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You are here: Home / Theses / Its a Dog's Life: Contemplating the Human-Animal Relationship through Dog Adoption Narratives / About

Its a Dog's Life: Contemplating the Human-Animal Relationship through Dog Adoption Narratives

By Nicole Silvestrini

Category Theses
Abstract

Dog adoption is a popular way for people to find pets in the United States. With dog adoption comes dog adoption narratives, ideologically about the dog, told by humans for humans. Dog adoption narratives, a genre of personal experience narrative, enact a series of formalized conventions that reveal societal binaries, tensions, and anxieties in the interspecies relationship. Using an interdisciplinary theoretical framework, I highlight the way these narratives are performed, organized, and interpreted. By comparing the adoption narratives of two different groups, people who regularly visit dog parks and people who do dog rehabilitation work, I argue that these narratives yield insight about the way humans perceive dogs in the United States within the context of how humans themselves want to be perceived by other humans. Dogs become a form of cultural capital and dog adoption narratives a reflection of cultural attitudes towards, and informed interactions with, the human-dog relationship.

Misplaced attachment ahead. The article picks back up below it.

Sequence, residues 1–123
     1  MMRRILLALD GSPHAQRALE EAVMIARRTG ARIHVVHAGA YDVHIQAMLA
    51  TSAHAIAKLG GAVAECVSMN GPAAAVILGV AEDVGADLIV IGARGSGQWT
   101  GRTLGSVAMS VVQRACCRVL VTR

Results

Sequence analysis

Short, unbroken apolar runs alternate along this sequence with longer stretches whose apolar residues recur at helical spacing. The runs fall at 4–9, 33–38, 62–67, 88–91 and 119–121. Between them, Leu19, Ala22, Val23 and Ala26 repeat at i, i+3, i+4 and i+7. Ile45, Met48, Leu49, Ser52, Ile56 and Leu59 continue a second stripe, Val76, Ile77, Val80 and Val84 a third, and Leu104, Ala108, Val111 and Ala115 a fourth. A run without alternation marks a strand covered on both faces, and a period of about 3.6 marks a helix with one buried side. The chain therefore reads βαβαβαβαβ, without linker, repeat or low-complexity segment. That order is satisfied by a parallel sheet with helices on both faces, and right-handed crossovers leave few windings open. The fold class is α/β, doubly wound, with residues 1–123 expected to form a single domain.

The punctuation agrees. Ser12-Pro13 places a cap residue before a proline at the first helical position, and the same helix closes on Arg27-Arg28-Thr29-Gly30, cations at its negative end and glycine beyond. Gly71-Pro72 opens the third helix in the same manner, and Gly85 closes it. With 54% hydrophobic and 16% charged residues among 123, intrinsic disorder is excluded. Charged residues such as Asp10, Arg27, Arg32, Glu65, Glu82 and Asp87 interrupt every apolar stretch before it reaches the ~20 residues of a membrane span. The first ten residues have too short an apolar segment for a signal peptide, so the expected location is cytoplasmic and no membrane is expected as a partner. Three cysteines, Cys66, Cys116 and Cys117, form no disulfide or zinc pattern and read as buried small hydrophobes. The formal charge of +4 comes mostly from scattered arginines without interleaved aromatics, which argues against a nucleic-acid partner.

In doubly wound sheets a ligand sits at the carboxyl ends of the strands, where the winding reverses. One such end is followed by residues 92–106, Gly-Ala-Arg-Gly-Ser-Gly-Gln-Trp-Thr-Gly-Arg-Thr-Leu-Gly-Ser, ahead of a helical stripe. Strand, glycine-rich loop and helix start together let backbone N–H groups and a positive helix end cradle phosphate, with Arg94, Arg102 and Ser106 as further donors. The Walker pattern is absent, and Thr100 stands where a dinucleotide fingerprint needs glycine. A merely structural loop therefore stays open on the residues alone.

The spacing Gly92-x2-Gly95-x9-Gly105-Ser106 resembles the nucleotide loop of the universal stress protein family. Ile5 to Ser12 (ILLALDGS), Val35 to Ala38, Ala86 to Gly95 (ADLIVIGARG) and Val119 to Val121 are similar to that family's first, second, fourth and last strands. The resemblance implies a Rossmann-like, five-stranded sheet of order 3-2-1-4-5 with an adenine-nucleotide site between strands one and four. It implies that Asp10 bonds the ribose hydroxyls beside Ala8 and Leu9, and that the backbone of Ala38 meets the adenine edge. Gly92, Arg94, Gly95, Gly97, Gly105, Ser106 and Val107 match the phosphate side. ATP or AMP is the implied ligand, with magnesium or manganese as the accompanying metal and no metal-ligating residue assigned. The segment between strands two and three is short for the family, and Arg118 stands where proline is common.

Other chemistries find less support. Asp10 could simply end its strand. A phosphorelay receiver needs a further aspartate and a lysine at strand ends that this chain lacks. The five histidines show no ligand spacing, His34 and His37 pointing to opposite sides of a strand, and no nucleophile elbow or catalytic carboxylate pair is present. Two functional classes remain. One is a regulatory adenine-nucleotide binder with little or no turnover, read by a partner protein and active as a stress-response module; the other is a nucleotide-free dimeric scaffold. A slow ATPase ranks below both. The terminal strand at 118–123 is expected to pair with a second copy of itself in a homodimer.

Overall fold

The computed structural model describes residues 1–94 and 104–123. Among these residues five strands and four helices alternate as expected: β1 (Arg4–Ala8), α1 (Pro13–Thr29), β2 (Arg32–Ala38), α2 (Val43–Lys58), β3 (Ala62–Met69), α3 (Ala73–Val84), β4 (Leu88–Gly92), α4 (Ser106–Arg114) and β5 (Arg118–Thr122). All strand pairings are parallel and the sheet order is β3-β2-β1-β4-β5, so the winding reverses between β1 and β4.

Submitter

Mason N McLary

HABRI Central

Date 2016
Pages 144
Publisher University of Oregon
Location of Publication Eugene, Oregon
Department Arts
Degree Folklore
URL http://hdl.handle.net/1794/22301
Language English
Tags
  1. Adoption
  2. Animal roles
  3. Culture
  4. Dogs
  5. Health
  6. Human-animal relationships
  7. interspecies relationship
  8. Mammals
  9. Narratives
  10. performance
  11. Pet ownership
  12. Pets and companion animals
  13. social anxieties
  14. Social Environments
  15. social tensions
  16. societal binaries
  17. stories